World renowned guitarist Bob Brozman travelled to Papua New Guinea – one of the last places on the planet to have guitars arrive from afar – to capture a sound largely untainted by outside influences; a raw, unique sound developed in isolation. The energetic and distinctive blend of voice and instrument performed by the Rabaul community’s local stringbands reflects their unfailing optimism in the face of adversity, be it war or the volcanic eruptions that have destroyed the town twice in one century, making this album truly ‘Songs Of The Volcano’.
In addition to this extraordinary album, this package features a full length, behind the scenes DVD documentary of the making of the album.
One of the few accidental, yet beneficial, side-effects of colonialism has been guitars washing up on shores all over the world. Papua New Guinea is no exception. Home to a huge indigenous population speaking more than 800 languages, it lay largely undiscovered until the late nineteenth and early twentieth centuries and hence is one of the last places on the planet to have guitars arrive from afar.
Rabaul, in Papua New Guinea’s far flung province of East New Britain, is a town which has had its share of hard times. In the same century it has been destroyed twice by massive volcanic cataclysms and once by a devastating war imposed on it by outsiders. The Tolai people of Rabaul have suffered greatly from these natural and manmade disasters and yet, somehow, have always managed to bounce back and keep their spirits high. One of the main contributing factors to their capacity for optimism is their music, an energetic and unique blend of voices and instruments performed by the community’s local stringbands.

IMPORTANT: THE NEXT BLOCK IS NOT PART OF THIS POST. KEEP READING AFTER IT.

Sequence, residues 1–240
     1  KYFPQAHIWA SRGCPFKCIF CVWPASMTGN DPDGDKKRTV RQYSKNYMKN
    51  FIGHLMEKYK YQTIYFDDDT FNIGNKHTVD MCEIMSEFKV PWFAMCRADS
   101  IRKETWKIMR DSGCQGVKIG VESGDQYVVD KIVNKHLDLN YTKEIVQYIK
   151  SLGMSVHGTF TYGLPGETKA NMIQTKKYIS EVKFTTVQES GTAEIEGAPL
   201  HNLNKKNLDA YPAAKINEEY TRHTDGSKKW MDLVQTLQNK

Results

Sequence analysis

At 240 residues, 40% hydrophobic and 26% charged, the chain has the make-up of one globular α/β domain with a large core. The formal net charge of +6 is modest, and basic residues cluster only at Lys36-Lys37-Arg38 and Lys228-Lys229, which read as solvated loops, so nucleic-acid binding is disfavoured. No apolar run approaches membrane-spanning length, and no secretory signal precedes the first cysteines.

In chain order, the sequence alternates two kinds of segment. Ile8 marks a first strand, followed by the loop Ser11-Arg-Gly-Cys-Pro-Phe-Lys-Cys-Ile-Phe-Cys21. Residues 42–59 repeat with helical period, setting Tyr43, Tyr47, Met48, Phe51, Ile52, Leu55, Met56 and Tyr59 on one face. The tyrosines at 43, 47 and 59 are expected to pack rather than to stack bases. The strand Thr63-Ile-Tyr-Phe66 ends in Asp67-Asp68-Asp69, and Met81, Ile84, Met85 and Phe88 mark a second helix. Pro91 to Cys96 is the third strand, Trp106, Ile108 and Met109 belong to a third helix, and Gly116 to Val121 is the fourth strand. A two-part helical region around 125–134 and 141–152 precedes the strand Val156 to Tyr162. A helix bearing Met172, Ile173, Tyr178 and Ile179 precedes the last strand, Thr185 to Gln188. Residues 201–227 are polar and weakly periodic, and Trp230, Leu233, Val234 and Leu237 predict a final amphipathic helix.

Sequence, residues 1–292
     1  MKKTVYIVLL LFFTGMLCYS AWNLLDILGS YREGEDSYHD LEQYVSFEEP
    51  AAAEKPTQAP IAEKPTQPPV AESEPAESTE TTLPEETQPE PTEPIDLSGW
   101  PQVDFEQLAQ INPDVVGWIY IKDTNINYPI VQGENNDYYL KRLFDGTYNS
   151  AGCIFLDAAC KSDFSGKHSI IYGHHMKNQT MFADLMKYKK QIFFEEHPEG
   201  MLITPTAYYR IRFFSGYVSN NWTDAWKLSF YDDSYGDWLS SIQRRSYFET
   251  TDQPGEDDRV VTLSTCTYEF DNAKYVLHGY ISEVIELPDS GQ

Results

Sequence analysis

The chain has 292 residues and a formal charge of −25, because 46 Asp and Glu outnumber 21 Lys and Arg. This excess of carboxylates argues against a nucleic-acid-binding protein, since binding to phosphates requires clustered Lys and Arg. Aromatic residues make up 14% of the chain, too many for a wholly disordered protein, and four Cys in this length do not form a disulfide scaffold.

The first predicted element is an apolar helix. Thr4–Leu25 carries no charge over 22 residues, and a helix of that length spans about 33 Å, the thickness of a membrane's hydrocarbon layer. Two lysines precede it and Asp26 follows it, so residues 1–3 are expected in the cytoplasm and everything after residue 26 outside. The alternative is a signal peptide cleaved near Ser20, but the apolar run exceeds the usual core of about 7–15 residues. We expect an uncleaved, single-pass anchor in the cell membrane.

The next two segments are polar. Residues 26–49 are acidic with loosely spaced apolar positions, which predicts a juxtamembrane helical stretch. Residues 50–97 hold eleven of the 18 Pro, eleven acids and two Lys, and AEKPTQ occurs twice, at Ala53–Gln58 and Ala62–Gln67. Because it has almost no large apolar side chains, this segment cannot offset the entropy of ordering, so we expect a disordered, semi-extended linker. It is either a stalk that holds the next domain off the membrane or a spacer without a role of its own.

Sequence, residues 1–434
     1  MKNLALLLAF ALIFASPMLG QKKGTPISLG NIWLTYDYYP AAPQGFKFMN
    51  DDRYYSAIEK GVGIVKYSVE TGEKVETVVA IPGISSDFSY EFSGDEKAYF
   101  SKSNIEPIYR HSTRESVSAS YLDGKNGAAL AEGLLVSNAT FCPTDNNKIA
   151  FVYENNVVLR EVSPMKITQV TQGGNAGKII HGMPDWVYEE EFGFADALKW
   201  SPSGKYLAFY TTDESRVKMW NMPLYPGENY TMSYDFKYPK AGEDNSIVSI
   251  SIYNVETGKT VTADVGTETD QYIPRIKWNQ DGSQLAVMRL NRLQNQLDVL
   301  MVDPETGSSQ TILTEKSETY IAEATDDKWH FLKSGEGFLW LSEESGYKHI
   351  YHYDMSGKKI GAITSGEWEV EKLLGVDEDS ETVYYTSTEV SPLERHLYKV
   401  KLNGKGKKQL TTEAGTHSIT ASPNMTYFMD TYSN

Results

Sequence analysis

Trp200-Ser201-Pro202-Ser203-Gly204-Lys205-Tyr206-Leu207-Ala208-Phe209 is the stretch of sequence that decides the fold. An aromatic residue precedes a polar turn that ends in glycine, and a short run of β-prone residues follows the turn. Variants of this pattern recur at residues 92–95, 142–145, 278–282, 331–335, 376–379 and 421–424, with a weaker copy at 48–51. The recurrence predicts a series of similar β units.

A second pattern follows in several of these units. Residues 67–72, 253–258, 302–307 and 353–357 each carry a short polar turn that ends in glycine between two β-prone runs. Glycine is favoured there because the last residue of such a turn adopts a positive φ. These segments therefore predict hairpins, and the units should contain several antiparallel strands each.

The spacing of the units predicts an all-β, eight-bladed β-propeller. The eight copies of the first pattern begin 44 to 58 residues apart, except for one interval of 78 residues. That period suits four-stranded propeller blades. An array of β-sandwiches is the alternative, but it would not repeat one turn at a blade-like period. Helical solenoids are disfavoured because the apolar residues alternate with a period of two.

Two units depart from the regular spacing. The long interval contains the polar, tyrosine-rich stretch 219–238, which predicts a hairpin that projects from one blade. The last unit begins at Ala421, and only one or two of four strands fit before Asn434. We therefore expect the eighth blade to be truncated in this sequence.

Bob Brozman is a world expert and leading exponent of the National guitar. An ethnomusicologist fascinated by the global voyage taken by the guitar over the last 500 years, he has collaborated with local musicians all over the world.
To create Songs Of The Volcano, in his capacity as Adjunct Professor of Music at Sydney’s Macquarie University, Bob went with filmmaker Phil Donnison to five villages in East New Britain to perform with five different Tolai stringbands. The purpose of filming and recording the performances was partly to document this fragile music before it disappears, and partly to facilitate the musicians in Papua New Guinea where there is an astonishing lack of musical infrastructure.
Rabaul is the location where guitars first arrived in Papua New Guinea, and the music carries a fragile innocence and beauty reminiscent of what guitar music may have sounded like in Hawaii in 1860, or Mexico in 1830. Most music travelled throughout the Pacific Ocean on boats, with sailors leaving behind instruments and ideas to then percolate in isolation. Hence, the music on this album will seem at once exotic, yet somehow familiar. Even today, there is still very little mass media penetration in Papua New Guinea, though that is changing and makes the preservation of this raw and unique sound more necessary.
This album and accompanying film present the story of this creative collaboration, a joint effort between an indomitable group of island musicians and one of the world’s greatest guitarists. Unlike Bob’s other world music collaborations, where there is a blend of styles between Bob and another established artist, Songs Of The Volcano has Bob in a more supportive role, playing simply as a member of each band in their own style.
The creation of this project not only yielded some great friendships, an unforgettable story and some remarkable results, but will enable the musicians to continue their pursuit of a musical life.
The musicians on Songs Of The Volcano are the first recipients of instruments, strings and musical supplies from Bob’s ongoing Global Music Aid Foundation, which seeks to provide donated instruments and materials to musicians in developing countries.
don't blame this ass
for using a pass
and if it is thegoodone
just say, it will be done